After performing in Graz, Austria on April 3, 1975, guitarist Ritchie Blackmore would play just two more gigs with Deep Purple before founding Rainbow. The new Graz 1975 from Eagle Rock contains the eight songs the band played that night. These were the final performances of the third incarnation of Deep Purple, or “MK III” as fans refer to the lineup of Blackmore, David Coverdale (vocals), Glenn Hughes (bass), Jon Lord (organ), and Ian Paice (drums). Perhaps because nobody but Blackmore knew he was leaving at the time, Graz 1975 is one of the best of Deep Purple‘s many live albums.
Deep Purple MK III came about with the replacement of vocalist Ian Gillan by Coverdale, and bassist Roger Glover with Hughes in 1973. Consequently, the band were loathe to perform many songs from the MK II period, even though that was their most commercially successful time. In fact, only two survived from their earlier days, “Smoke on the Water” and “Space Truckin’.”
“Burn” is the title track of the first MK III long player, and it opens the show. The song is aptly titled, as it smolders in the classic Deep Purple vein. The follow-up to Burn was Stormbringer, and the title track of it is next. The Stormbringer album was a point of contention for Blackmore, and it represented a real departure for the group. Hughes has since taken credit for introducing an R&B element to the band‘s music, which manifested itself on Stormbringer. While nobody would mistake Deep Purple for Earth, Wind and Fire, the record contains the funkiest sounds the band would ever be associated with.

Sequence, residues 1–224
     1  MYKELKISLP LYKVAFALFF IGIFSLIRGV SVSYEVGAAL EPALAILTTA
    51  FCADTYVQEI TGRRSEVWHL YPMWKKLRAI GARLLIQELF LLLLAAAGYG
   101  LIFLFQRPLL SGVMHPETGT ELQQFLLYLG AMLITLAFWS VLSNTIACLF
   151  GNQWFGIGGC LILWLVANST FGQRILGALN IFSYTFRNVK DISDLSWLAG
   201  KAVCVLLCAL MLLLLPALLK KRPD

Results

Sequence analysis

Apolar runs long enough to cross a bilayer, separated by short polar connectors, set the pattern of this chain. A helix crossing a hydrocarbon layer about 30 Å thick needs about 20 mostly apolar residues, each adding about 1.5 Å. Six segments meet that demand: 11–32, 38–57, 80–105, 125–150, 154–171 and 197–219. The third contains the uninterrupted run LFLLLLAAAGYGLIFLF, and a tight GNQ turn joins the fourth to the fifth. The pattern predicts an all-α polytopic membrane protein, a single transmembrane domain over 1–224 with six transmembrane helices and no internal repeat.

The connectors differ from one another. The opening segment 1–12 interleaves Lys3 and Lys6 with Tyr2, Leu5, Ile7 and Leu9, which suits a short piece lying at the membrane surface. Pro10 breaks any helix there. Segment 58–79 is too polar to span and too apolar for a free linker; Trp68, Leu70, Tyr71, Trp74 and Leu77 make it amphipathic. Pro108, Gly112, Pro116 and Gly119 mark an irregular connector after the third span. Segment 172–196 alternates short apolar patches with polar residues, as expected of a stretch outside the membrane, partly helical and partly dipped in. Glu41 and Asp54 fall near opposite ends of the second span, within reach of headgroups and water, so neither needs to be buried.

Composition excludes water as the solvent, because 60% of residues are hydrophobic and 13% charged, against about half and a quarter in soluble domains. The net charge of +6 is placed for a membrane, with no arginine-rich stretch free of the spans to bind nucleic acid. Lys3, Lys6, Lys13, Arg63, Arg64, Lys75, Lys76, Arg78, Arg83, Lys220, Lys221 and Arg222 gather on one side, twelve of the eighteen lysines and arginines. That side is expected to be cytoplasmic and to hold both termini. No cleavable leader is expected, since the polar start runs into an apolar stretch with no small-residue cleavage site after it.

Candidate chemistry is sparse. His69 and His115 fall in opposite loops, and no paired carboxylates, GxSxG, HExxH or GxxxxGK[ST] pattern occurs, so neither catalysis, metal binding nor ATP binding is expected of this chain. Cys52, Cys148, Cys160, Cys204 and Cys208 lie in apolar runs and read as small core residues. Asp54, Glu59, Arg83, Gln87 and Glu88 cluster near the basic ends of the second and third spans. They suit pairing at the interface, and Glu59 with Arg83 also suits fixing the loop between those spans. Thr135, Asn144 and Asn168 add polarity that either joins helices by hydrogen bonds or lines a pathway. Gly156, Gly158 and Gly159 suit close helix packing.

What is strange is hearing how Blackmore himself was influenced by this change, especially in the classic opening chords of “Smoke on the Water.” On the live Made in Japan from 1972, Blackmore’s guitar sound is extremely clean and precise. On Graz his playing is loose, he plays all around the chords, very much like a jazz guitarist. This new style of playing is even more pronounced on the final track “Space Truckin’,” especially during his extended solo.
I have always enjoyed Stormbringer, and the more groove-oriented playing of Blackmore on it, and it is surprising to realize that he had to leave the band to shed the style. This is the key attraction of the MK III period for many, as it is a type of music Blackmore never really returned to. Graz 1975 captures this incarnation of Deep Purple in their final days, and this lesser-known era was one of the most intriguing chapters of their career.
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